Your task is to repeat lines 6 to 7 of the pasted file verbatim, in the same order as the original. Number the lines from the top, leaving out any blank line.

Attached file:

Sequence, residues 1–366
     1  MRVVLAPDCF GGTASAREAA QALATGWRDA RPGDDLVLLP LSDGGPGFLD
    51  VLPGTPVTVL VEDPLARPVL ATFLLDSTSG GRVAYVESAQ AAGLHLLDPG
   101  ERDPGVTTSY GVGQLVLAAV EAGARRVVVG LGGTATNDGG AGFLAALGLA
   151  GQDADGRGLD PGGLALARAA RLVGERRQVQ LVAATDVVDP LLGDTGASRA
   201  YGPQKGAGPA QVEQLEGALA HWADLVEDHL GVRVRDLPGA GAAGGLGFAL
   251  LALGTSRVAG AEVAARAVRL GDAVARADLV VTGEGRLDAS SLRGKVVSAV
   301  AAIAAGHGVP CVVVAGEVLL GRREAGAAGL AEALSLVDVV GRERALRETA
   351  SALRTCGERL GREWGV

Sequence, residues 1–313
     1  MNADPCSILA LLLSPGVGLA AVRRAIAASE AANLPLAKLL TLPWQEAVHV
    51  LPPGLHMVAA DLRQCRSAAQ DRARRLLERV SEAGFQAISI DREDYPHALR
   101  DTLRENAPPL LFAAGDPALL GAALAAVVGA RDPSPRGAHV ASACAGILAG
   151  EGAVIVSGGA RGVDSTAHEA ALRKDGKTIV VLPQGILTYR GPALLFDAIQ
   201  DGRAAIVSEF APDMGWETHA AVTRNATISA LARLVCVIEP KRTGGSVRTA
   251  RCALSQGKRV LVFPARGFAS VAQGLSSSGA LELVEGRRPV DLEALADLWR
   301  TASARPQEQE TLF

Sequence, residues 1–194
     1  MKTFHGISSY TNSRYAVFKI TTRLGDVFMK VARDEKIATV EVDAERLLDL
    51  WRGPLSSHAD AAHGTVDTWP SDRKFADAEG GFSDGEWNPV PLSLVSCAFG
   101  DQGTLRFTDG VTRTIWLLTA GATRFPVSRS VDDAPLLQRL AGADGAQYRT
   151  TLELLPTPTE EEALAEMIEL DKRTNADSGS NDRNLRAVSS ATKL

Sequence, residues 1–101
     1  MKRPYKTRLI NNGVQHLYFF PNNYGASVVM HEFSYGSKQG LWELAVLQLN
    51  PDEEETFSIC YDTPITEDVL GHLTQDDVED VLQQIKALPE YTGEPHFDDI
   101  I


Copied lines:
   201  YGPQKGAGPA QVEQLEGALA HWADLVEDHL GVRVRDLPGA GAAGGLGFAL
   251  LALGTSRVAG AEVAARAVRL GDAVARADLV VTGEGRLDAS SLRGKVVSAV